Kiwis for kiwi

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Arapata is a long-term protector of the environment and manager of the Whakapapa Unit for Te Runanga o Ngai Tahu. The Whakapapa Unit is responsible for protecting the mana and integrity of the enrolment process, the Whakapapa Files and Tribal Register, as well as engaging with whānau, hapū and iwi katoa.

While he has never labelled himself as a conservationist or environmentalist, Arapata has an empathy for his natural environment, having been raised by a whānau who were active in all Mahinga Kai practices. He was always aware of the need to protect the environment and those reliant on its good health.

Why kiwi?

It was during a hunting trip in the Taramakau that Arapata heard his first kiwi call.

“Ever since then I have sought to become more involved in the work being done to protect and enhance the kiwi population. I jumped at the opportunity to be the Ngāi Tahu representative on the Kiwi Recovery Group (KRG) in 2011/12.”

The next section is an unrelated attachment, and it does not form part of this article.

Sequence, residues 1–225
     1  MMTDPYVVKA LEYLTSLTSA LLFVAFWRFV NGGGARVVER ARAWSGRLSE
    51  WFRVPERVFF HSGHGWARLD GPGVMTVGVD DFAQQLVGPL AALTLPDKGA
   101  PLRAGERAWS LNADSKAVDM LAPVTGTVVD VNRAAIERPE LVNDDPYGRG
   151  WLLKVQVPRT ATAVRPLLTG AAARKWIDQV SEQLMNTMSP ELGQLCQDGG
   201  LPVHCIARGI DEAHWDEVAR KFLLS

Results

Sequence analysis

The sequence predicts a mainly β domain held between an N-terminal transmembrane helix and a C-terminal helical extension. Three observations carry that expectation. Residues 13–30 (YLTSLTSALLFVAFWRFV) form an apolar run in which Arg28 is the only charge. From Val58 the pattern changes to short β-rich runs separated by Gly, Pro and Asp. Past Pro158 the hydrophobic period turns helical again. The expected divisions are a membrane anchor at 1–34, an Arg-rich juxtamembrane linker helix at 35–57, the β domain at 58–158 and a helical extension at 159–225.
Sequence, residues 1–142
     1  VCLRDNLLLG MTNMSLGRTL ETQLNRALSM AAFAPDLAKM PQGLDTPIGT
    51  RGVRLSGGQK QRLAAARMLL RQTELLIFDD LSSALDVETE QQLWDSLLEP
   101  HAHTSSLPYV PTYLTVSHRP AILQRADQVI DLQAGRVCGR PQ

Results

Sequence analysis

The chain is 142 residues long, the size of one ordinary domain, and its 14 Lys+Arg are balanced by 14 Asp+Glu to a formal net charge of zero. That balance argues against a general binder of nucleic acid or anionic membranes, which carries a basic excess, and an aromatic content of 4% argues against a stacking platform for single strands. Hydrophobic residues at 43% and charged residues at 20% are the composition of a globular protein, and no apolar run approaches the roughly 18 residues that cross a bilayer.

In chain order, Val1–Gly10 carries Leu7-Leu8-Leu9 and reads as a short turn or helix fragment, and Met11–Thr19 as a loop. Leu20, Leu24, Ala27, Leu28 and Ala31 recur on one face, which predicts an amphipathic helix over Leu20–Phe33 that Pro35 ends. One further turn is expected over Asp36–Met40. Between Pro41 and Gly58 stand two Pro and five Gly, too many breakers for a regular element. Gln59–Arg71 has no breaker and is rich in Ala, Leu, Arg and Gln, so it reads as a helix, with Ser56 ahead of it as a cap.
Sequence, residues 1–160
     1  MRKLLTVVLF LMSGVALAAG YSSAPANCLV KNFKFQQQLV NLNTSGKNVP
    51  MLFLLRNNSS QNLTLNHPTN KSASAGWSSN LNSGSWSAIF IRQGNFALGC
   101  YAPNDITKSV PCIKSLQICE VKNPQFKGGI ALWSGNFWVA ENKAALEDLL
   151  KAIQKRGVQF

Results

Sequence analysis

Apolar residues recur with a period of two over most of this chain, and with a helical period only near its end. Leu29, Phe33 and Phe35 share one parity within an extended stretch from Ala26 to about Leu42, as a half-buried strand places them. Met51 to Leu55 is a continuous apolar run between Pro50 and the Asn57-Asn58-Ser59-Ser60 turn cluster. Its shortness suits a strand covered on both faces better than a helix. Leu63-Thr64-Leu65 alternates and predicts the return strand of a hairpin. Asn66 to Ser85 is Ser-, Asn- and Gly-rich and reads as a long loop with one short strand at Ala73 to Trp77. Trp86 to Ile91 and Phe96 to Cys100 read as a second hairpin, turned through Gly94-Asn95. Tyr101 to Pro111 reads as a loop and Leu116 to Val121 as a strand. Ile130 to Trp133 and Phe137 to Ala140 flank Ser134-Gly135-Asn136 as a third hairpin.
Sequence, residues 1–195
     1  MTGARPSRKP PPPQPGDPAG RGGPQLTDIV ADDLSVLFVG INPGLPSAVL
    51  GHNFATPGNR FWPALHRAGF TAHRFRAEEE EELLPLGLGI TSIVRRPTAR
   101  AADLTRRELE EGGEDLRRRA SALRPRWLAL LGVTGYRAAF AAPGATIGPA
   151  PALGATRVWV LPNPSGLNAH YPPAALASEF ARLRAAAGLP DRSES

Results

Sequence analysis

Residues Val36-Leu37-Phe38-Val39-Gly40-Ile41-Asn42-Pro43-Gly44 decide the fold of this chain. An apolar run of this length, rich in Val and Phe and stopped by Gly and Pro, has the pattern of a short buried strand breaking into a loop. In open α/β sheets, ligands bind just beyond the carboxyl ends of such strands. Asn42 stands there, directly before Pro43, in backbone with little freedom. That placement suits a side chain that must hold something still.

High points

Arapata relishes the opportunity to share his kiwi knowledge and experience with others.

“There are two rewarding aspects to my role with the KRG – the first being able to share the ‘kiwi experience’ with young and old, seeing the joy that it brings to those engaging with one of our taonga species. The other is having the opportunity to meet and work alongside so many highly skilled and passionate people involved with kiwi work at all levels.”

Low points

For Arapata, the low side of working with kiwi is being told of un-natural, preventable kiwi deaths.

“We are missing opportunities to learn more from those deaths, by not reviewing practices and adhering to best practice. One of the causes of this is a reduction in funding available to support the many kiwi projects put before the KRG as well as the work done within DoC. We could do so much more with more funding.”

Thoughts for the future:

Arapata looks forward to his children and grandchildren being able to experience kiwi in the wild.

“I dream of a future where my children and grandchildren experience first-hand – in a natural state – the labours of today’s kiwi recovery efforts. For them to be able to sail past Rakiura on the way to the Titi Islands and hear the shrill calls of the kiwi or to glimpse Roroa foraging for food while taking the family tramping at night up the Hawdon or Nina Valleys.”